Kiramba receives Carlos J. Vallejo Memorial Award for Emerging Scholarship
24 Apr 2020
Lydiah Kiramba, assistant professor in the Department of Teaching, Learning and Teacher Education at University of Nebraska–Lincoln, is the 2020 recipient of the Carlos J. Vallejo Memorial Award for Emerging Scholarship from the American Educational Research Association.
According to AERA, the purpose of the Carlos J Vallejo Award is to recognize an advanced doctoral student or assistant professor whose scholarly contributions are poised to contribute to scholarship in the field of multicultural/multiethnic education.
“It is a great honor to be recognized by a national research organization, to join a list of long admired, respected and accomplished researchers, scholars and practitioners who have received the Dr. Carlos J. Vallejo Memorial award,” Kiramba said. “I am grateful to the entire Multicultural/Multiethnic Education Special Interest Group, SIG leadership team, awards committee and my nominators, Dr. Ted Hamann of UNL and Dr. Alex Kumi-Yeboah of the University at Albany.”
Selection criteria for the award include one’s efforts in producing scholarship which advances multicultural and multiethnic education, and one’s commitment to underserved communities beyond scholarship.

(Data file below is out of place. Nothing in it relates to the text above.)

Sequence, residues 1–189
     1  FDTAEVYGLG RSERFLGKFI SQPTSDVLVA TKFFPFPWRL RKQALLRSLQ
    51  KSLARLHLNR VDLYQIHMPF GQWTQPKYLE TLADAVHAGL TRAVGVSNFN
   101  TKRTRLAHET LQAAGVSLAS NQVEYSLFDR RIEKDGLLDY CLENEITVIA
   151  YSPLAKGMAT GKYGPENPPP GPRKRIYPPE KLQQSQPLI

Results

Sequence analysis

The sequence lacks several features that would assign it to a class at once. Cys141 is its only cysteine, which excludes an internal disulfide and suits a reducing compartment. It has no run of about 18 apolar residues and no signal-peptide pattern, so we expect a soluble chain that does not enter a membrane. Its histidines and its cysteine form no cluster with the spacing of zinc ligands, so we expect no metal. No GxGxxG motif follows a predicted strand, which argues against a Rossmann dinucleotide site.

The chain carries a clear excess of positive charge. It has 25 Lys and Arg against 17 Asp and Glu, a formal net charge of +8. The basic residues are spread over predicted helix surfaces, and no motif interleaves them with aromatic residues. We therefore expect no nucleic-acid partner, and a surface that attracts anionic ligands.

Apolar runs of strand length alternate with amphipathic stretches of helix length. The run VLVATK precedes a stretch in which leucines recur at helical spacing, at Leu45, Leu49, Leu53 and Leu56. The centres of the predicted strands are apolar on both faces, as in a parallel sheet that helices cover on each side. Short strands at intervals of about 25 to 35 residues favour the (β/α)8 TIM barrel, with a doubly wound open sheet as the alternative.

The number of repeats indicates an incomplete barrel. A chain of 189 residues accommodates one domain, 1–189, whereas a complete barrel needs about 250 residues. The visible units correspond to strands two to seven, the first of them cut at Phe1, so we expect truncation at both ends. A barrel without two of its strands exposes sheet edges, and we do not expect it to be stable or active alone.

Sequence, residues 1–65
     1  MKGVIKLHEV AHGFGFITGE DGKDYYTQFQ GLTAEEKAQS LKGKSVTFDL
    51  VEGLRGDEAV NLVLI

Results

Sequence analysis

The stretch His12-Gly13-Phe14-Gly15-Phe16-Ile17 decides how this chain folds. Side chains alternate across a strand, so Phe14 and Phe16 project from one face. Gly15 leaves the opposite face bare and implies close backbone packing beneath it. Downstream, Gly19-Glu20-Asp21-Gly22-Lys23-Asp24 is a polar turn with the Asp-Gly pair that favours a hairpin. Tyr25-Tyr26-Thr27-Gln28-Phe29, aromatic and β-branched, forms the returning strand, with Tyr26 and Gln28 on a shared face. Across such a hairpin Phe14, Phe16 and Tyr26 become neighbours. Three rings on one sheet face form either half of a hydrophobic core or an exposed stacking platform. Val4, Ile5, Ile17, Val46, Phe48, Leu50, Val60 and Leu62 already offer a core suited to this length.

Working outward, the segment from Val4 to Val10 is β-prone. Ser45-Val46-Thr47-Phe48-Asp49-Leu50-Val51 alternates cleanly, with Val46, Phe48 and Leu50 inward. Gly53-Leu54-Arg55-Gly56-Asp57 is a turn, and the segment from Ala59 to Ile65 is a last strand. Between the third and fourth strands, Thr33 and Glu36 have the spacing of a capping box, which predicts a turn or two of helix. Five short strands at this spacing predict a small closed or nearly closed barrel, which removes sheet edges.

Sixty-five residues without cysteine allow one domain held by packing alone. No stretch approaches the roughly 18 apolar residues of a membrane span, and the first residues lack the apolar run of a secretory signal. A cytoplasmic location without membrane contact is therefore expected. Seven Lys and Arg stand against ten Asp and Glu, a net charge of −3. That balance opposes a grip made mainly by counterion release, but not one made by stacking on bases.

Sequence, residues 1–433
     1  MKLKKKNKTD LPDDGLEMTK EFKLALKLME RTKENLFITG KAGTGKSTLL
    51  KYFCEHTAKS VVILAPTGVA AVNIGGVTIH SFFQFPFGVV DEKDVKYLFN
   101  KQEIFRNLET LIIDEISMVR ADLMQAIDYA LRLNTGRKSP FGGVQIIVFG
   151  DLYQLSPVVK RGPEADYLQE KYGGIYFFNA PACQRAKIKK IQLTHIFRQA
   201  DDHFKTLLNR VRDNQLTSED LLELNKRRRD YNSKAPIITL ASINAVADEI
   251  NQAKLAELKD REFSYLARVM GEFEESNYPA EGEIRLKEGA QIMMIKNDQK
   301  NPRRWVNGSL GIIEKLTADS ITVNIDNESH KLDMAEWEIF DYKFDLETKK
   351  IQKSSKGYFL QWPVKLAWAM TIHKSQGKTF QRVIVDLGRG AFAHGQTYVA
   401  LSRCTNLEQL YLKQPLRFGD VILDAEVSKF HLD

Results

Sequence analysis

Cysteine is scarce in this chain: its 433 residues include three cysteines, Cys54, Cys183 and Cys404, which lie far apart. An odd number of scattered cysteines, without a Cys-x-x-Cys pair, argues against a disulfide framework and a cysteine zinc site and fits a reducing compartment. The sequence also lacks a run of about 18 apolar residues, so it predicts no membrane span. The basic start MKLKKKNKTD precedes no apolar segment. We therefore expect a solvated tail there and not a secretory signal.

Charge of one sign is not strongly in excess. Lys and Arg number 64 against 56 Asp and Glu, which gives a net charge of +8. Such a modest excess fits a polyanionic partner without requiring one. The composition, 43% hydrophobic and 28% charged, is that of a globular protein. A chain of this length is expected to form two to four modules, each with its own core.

Kiramba’s research at Nebraska investigates home, school, and society intersections with a focus on multilingual students of immigrant and refugee backgrounds in the US. Her goal is to highlight their multilingual competencies and sociocultural capital that could not only enhance student success, but also contribute to educational discourses needed to prepare teachers who are better equipped to address 21st century educational challenges and opportunities.
The Carlos J Vallejo Award is peer nominated. One of Karimba’s nominators was Alex Kumi-Yeboah, assistant professor at University at Albany.
“Dr. Kiramba produces scholarship in the areas of multilingual/multicultural and multiethnic fields, areas that are essential to high-quality teacher education programs. She has developed a strong commitment to advancing the ideals of cultural relevance and language development for minority students, multi-ethnic and multicultural education,” Kumi-Yeboah said.
Kiramba has previously been recognized with the Young Scholars Award from the International Reading Association, and the Cultivating New Voices Among Scholars of Color Award from the National Council of Teachers of English Research Foundation.
Kiramba earned her doctoral degree in curriculum and instruction at University of Illinois at Urbana–Champaign. She earned master’s degrees in African studies and African linguistics at Illinois and Moi University, respectively.
College of Education and Human Sciences